The walls of the new building on top of Snowdon will be built from Welsh granite, it has been confirmed.
The new visitor centre and cafe will be built during 2007
It follows controversy over an earlier decision to use stone imported from Portugal for the roof.
The Snowdonia National Park Authority decision to use a local supplier will add £56,000 to the £8.3m costs.
Chief executive Aneurin Phillips said 60% of the contract will now come from Wales, which was "quite an achievement" because of the unique location.
A special authority meeting decided that granite from Cwt Y Bugail quarry near Blaenau Ffestiniog will be used for the walls and exterior floors of the new summit building.
Work is just beginning on site, but in July there was criticism when it was announced Portuguese stone would be imported for the roof.
Some local people who contributed to a fundraising appeal were annoyed about the foreign imports.
On Wednesday park authority members approved an officers' recommendation to spend an extra £56,000 to allow the contractor to use locally sourced material for the walls and exterior flooring.
"It has been a long, difficult and complex process," said Mr Phillips.
"Due to the restraints of European law, it has not been possible for us to insist that materials for the new building come from local sources.
"The contractor is aware of the fact that as an authority we are extremely eager to use as much local material as possible.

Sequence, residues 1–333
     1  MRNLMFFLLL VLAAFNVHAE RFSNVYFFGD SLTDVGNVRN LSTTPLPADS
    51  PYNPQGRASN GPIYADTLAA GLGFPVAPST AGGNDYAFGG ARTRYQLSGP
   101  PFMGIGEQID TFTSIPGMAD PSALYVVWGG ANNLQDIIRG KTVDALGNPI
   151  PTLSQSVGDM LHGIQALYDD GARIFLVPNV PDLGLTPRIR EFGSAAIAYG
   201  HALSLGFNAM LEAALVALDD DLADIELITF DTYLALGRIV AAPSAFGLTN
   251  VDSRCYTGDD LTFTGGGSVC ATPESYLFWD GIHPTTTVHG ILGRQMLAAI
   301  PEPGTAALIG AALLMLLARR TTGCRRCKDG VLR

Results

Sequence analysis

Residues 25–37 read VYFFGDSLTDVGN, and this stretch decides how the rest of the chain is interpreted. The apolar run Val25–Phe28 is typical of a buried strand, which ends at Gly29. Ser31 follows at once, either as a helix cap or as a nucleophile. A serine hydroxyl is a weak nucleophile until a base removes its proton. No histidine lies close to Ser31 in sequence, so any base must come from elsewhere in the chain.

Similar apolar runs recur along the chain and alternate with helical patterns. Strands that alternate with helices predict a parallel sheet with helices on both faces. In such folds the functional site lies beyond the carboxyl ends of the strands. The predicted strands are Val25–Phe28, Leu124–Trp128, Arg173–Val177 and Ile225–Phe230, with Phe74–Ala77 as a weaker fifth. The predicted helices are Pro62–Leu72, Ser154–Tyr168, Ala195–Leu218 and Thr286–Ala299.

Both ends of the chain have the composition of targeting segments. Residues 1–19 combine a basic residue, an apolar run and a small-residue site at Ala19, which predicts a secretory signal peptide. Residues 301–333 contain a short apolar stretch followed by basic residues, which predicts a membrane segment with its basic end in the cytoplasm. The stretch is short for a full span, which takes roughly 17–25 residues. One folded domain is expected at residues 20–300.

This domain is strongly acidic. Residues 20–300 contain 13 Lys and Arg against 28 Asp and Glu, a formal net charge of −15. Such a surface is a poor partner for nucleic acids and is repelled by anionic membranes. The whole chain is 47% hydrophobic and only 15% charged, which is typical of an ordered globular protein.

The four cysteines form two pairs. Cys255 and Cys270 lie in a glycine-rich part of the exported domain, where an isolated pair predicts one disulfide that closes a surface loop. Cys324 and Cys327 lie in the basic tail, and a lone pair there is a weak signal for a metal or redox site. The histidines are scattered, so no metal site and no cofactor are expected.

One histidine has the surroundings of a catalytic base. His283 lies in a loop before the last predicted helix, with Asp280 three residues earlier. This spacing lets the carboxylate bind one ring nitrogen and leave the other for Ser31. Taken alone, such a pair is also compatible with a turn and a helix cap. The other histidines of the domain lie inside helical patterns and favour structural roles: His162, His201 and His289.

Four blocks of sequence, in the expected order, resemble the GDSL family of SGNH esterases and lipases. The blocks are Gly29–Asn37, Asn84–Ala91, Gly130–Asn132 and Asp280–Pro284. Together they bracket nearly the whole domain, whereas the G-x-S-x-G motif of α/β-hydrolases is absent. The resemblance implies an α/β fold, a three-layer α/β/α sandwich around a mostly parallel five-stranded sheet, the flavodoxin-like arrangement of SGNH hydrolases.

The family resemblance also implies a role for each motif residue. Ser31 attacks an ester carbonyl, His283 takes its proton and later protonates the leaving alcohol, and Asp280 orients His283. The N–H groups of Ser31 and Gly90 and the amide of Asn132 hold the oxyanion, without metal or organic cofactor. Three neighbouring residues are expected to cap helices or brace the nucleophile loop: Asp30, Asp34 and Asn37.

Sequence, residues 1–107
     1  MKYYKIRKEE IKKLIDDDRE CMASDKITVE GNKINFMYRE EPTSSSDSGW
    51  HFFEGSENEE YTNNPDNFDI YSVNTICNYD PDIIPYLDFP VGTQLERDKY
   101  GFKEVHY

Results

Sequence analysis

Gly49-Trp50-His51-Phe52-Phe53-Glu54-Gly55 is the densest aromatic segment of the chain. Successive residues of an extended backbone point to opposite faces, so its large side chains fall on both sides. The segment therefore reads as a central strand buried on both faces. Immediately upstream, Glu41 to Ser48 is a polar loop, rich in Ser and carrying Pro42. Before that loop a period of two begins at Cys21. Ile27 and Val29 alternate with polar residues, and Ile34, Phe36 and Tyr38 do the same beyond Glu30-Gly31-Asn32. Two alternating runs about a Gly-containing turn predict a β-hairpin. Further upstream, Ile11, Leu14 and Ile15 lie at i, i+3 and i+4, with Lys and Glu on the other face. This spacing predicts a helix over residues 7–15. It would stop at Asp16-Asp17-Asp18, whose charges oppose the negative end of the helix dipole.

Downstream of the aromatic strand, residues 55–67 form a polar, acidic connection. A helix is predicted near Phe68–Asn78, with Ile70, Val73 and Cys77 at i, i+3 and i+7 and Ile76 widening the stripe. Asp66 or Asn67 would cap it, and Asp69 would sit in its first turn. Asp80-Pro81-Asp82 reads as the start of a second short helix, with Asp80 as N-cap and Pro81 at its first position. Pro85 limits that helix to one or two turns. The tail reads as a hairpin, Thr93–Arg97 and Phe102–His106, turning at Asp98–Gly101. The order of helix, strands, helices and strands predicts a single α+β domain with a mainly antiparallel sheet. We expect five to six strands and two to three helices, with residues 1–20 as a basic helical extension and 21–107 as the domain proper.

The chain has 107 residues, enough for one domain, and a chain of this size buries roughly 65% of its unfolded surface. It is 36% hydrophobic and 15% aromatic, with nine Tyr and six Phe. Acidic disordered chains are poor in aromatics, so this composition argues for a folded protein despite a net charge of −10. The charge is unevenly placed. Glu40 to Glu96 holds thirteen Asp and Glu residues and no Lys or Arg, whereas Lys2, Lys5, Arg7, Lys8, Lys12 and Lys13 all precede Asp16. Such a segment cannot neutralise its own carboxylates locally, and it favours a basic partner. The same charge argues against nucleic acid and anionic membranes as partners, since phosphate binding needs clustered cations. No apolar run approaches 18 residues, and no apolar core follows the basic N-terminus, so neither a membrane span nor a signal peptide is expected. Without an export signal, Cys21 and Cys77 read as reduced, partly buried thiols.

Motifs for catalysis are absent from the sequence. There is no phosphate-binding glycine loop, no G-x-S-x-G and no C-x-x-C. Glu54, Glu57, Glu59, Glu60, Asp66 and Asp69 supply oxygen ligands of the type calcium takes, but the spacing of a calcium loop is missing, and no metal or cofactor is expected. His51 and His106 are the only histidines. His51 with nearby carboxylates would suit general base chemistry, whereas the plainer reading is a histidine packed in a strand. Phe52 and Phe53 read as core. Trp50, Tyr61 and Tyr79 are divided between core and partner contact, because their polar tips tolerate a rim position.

"Unfortunately, as a public authority we cannot insist that a contactor chooses one local supplier, or favours one more than another.
But he said he was "delighted" to announce that the Snowdonia quarry will provide most of the stone for the new summit building.
Authority members were also told about progress to the project, which must be ready by the summer of 2008 to qualify for its part-funding through the European Union's Objective One programme.
The existing building, once famously described by Prince Charles as a "slum", will be demolished during the next few weeks with as much material as possible removed from the mountain before the winter.
Prefabricating the new building will also start in a warehouse on Deeside in the next few weeks.
The saga of a new building has already run for almost five years when a feasibility study was first considered.
After a public appeal which collected almost £350,000, it was announced at the end of last year that the park had raised enough money to replace the old building.